The first of them, known as the ''kalimat aṭ-ṭaiyibah or "word of purity", is equivalent to the shahada, and also known simply as "the kalima". Recitation of the six kalimas is taught in Pakistani madrasas, but it is uncommon for average Pakistani Muslims to be able to recite them all. Conversely, religious leaders are expected to be able to recite them, and the Pakistani Ministry of Religious Affairs in one instance earned political criticism for appointig as head of its Council of Islamic Ideology a man who was not able to recite them. Riaz (2008) records memorization of the six kalimas as part of the syllabus of grade 3 (darja saum) education (i.e. taught in the third year of a five-year course) at the Deobandi school Darul Uloom Deoband in Uttar Pradesh, India. 
1. Kalimah Tayyibah kalimat aṭ-ṭaiyibah (Word of Purity), see shahada.
لَا إِلٰهَ إِلَّا الله مُحَمَّدٌ رَسُولُ الله
'lā ilāha illā -llāh, muḥammadur rasūlu -llāh
There is no god but Allah, [and] Muhammad is the messenger of Allah.
2. Kalimah Shahadah kalimat ash-shahādah (Word of Evidence)
أَشْهَدُ أنْ لا إلَٰهَ إِلَّا اللهُ وَحْدَهُ لَا شَرِيْكَ لَهُ وَأشْهَدُ أنَّ مُحَمَّدًا عَبْدُهُ وَرَسُولُهُlisten (help·info) The text is from the 9th-century Sahih al-Bukhari, which attributes it to Sa`d ibn Abi Waqqas, who upon hearing the muezzin is said to have uttered:
Ašhadu an lā ilāha illā-llāh waḥdahu lā šarīka lahu, wa ašhadu anna muḥammadan ʿabduhu wa rasūluhu.
I bear witness that (there is) no god except Allah; One is He, no partner hath He, and I bear witness that Muhammad is His Servant and Messenger.
lā ilāha illā-llāhu waḥdahu lā sharīka lahu lahu l-mulku wa lahu l-ḥamdu yuḥyi wa yumītu wa huwa ḥayyu lā yamūtu abadan abadan dhu l-jalāli wa l-ʾikrām biyadihi-l khayr wa-huwa ʿala-kulli shayʾin qadīr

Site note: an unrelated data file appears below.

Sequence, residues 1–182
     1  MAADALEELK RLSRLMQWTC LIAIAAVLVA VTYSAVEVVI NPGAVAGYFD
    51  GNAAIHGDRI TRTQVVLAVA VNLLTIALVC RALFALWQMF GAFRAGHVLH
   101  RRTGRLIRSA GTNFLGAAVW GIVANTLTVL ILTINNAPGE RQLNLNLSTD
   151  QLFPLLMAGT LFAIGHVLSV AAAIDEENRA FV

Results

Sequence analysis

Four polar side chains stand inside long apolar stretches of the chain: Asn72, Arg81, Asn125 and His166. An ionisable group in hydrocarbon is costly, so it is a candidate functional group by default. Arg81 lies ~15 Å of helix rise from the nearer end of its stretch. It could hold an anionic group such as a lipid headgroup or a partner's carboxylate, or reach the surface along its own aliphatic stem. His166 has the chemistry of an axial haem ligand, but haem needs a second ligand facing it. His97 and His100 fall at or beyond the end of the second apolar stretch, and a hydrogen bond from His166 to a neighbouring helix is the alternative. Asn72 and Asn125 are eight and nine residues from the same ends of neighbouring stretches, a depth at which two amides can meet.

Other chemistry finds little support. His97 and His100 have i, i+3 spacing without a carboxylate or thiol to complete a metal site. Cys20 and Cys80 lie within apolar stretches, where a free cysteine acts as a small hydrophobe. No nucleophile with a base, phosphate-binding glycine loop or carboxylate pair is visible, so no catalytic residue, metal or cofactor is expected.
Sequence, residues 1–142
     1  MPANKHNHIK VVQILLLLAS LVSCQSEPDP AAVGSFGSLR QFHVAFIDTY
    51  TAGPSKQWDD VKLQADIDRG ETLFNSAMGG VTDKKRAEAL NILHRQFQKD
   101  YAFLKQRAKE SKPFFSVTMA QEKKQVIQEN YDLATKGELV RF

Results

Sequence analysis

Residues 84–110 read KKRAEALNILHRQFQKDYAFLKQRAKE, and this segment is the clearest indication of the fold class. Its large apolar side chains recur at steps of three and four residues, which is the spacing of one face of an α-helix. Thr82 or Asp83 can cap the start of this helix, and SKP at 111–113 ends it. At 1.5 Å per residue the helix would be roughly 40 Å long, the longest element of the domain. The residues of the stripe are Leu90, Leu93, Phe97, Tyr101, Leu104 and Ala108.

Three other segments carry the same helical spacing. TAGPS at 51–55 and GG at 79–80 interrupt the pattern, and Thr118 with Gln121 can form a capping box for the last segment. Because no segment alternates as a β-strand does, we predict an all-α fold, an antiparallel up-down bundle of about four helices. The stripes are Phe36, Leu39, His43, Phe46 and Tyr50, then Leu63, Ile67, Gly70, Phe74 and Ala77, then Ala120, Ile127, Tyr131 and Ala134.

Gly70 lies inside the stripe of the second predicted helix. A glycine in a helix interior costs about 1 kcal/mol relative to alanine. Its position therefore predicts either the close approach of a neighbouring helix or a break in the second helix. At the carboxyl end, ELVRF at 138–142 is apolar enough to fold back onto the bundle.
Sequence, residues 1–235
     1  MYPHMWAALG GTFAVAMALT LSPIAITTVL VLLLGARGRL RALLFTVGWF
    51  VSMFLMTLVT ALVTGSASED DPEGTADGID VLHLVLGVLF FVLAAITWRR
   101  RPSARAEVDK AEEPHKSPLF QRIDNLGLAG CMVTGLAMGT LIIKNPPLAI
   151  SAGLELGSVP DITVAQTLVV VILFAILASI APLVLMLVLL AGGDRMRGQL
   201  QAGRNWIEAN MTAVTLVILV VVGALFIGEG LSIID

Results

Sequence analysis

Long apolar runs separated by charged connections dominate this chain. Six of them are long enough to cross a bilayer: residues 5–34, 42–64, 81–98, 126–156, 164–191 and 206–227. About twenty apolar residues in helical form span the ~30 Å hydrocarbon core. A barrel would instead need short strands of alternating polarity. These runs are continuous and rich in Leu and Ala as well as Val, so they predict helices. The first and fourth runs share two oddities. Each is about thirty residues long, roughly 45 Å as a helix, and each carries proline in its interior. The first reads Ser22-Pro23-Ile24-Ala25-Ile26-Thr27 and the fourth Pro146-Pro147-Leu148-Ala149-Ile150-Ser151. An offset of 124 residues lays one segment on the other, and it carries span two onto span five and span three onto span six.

"(There is) no god except Allah - One is He, no partners hath He. His is the Dominion, and His is the Praise. He gives life and causes death, and He is Living, who will not die, never. He of Majesty and Munificence. Within His Hand is (all) good. And He is, upon everything, Able (to exert His Will)."
astaghfiru-llāha rabbī min kulli dhanbin adnabtuhu ʿamadan ʾaw khaṭāʾan sirran ʾaw ʿalāniyyataw wa atūbu ʾilayhi minal dhanbi-lladhī aʿlamu wa minal dhanbi-lladhī lā aʿlamu innaka ʾanta ʿallāmul-ghuyūbi wa sattārul-ʿuyūbi wa ghaffāru dhunūbi wa lā ḥawla wa lā quwwata illā billāhil-ʿalīyyil-ʿaẓīm.
"I seek forgiveness from Allah, my Lord, from every sin I committed knowingly or unknowingly, secretly or openly, and I turn towards Him from the sin that I know and from the sin that I do not know. Certainly You, You (are) the knower of the hidden things and the Concealer (of) the mistakes and the Forgiver (of) the sins. And (there is) no power and no strength except from Allah, the Most High, the Most Great".
Allāhumma innī aʿūḏu bika min an ušrika bika šayʾaw-wwa-anā aʿlamu bihi wa-staġfiruka limā lā aʿlamu bihi tubtu ʿanhu wa tabarra'tu mina-l-kufri wa-š-širki wa-l-kiḏhbi wa-l-ġībati wa-l-bidʿati wa-nnamīmati wa-l-fawāḥiši wa-l-buhtāni wa-l-maʿāṣī kullihā wa aslamtu wa aqūlu lā ilāha illā-llāhu Muḥammadu-r-rasūlu llāh.
" O Allah! I seek protection in You from that I should not join any partner with You and I have knowledge of it. I seek Your forgiveness from that which I do not know. I repent from it (ignorance) and I reject disbelief and joining partners with You and of falsehood and slandering and innovation in religion and tell-tales and evil deeds and the blame and the disobedience, all of them. I submit to Your will and I believe and I declare: There is none worthy of worship except Allah and Muhammad is His Messenger."
^Yoginder Sikand, Bastions of the Believers: Madrasas and Islamic Education in India, Penguin Books India, 2005, p. 102.
^M. M. Hasan, An Inspector-General's diary, 1996, p. 70 recounts a case of a man arrested in Pakistan on suspicion of being an Indian spy because he was able to recite all six kalimas, which was deemed unlikely in a real Muslim.
^Pakistan, Political Perspective, Volume 5, Issues 9-12, Institute of Policy Studies, 1996, p. 69
^Ali Riaz, Faithful Education: Madrassahs in South Asia, Rutgers University Press, 2008, p. 180.